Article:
The next thing to do is to determine whether the maxim is reversible. Of course, it is not. Many men would probably say that they would love it if women would sleep with them then never call them. (Sex without responsibility! A young man’s dream! If this is torture, then nail me to the wall!) However, that situation is not similar to the situation of the young woman who really, really likes the young man who lies to her in order to get her to sleep with him. To make the situation similar, think of a young woman who uses you, then cuts your heart out and stomps on it. Furthermore, the man is willing to deceive someone else’s daughter, sister, or mother in order to get her to sleep with him. Is he willing for someone to do the same to his daughter, sister, or mother?

In addition, reversibility means that you have to put yourself in the used woman’s place. No one wants to be used and then dumped, and this woman has been. No one would want to be in the used woman’s place. So, the maxim fails the test of reversibility. Plus, you want to use someone’s daughter; are you willing for someone to use your daughter, once you begin to have children?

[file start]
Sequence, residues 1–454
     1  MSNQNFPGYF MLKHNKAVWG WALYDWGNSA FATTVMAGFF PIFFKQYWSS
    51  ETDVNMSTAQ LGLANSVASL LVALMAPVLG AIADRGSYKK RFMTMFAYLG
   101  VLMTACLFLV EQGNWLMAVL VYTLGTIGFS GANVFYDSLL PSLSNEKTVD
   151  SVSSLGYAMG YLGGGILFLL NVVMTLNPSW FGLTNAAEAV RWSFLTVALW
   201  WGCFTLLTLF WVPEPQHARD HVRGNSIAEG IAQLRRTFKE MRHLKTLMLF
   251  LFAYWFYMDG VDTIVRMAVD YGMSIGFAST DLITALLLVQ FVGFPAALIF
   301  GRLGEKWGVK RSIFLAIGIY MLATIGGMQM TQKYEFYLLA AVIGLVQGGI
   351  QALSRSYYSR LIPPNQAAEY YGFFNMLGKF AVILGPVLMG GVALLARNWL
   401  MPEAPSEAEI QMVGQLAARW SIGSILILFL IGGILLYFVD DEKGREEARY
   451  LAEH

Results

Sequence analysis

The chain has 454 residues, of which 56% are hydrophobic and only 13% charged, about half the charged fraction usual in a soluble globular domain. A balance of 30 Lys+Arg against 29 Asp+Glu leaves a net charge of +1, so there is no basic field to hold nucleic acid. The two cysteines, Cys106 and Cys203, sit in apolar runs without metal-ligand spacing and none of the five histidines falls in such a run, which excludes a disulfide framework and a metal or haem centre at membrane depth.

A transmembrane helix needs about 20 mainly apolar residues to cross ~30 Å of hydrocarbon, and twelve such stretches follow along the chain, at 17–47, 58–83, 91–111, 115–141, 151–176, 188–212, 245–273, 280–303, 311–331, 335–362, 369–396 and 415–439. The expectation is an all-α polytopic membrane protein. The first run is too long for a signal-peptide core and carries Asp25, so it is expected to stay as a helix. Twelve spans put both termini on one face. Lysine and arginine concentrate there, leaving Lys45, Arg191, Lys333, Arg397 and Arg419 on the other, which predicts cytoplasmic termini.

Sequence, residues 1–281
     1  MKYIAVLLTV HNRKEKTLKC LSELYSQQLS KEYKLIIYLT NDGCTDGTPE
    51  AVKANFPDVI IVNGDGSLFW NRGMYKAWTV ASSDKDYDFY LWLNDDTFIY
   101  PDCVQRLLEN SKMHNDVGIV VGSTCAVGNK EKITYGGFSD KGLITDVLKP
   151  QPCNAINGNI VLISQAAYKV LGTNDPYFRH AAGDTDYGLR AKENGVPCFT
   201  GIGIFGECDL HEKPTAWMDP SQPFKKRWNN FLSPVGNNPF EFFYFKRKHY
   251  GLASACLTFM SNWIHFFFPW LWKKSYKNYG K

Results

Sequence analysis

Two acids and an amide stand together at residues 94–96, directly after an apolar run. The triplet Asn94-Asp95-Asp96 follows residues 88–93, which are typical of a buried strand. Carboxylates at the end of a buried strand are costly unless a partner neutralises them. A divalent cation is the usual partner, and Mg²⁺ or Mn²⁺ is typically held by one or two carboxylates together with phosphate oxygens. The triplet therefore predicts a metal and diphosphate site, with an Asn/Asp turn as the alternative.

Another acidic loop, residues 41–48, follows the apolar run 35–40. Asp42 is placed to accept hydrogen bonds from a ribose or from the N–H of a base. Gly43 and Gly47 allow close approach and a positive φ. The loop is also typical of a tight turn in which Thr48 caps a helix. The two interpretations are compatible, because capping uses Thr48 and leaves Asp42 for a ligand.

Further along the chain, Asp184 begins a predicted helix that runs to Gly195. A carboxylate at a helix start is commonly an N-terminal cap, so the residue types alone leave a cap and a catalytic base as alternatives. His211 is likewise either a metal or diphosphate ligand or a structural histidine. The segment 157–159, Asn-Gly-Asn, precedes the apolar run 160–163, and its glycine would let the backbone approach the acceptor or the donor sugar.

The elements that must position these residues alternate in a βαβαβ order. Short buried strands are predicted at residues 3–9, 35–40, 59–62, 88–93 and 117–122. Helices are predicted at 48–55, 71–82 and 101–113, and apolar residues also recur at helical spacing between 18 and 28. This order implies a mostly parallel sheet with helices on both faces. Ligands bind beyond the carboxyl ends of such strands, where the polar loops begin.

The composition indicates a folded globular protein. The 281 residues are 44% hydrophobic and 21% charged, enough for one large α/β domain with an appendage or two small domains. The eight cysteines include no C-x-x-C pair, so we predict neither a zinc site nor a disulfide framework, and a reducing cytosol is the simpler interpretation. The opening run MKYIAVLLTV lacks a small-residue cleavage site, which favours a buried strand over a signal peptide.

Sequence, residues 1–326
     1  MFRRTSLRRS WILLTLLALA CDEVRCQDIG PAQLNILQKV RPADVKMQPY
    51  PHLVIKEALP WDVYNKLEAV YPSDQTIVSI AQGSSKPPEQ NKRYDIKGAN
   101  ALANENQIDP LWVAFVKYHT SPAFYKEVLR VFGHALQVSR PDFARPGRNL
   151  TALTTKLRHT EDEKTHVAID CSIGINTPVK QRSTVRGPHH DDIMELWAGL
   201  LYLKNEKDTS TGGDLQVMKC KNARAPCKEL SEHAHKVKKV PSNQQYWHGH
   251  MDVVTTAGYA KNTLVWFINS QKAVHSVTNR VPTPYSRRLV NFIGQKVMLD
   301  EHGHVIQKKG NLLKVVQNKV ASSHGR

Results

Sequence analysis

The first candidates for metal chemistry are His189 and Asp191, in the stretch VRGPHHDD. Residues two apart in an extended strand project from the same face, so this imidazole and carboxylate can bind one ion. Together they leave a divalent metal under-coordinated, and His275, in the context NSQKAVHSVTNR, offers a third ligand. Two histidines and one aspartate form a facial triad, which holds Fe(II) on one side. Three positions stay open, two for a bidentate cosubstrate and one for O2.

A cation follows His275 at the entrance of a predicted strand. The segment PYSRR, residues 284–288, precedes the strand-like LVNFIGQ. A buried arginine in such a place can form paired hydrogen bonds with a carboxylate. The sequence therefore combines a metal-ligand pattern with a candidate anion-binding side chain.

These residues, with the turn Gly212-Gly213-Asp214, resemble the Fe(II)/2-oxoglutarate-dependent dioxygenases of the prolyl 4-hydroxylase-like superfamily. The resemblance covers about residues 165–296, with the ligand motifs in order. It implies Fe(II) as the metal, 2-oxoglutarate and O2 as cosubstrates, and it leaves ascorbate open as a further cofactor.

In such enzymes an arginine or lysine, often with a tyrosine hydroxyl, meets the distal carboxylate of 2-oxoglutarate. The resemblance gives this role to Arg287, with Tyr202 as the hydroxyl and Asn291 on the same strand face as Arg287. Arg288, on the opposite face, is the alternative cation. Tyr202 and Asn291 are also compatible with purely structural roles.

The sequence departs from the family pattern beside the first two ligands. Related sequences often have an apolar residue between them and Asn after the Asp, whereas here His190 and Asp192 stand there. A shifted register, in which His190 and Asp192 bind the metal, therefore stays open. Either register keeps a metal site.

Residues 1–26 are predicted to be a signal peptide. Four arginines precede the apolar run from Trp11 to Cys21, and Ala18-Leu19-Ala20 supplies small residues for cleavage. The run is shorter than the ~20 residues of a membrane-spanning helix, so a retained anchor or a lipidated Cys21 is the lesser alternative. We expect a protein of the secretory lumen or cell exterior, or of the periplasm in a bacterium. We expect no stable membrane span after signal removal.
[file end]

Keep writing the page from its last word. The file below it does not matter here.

Another test involves asking whether the man is treating the woman as an end or as a means. If he regards her as valuable in herself, then he is treating her as an end. If he treats her as valuable only for something else, then he is treating her as a means. In this case, the man who makes a lying promise is clearly regarding the woman only as a means to an orgasm. The woman isn’t valuable to the man — only the orgasm is valuable to the man.

Clearly, the categorical imperative would tell me to say goodnight to the woman, and never call her.

A final comment:

In this situation, all four ethical theories are in agreement about what one ought to do. It’s nice when ethical theories agree like this; however, often the theories don’t agree. When they don’t agree, spend some time thinking about why they don’t agree. Often, it’s because the theories were developed to tell how we ought to relate to other humans — when it comes to animals or fetuses, it’s unclear whether animals or fetuses should count as much as humans. All I can advise you to do is to consider each of the four main ethical theories you have studied and try to determine which one is most relevant to the ethical issue you are considering.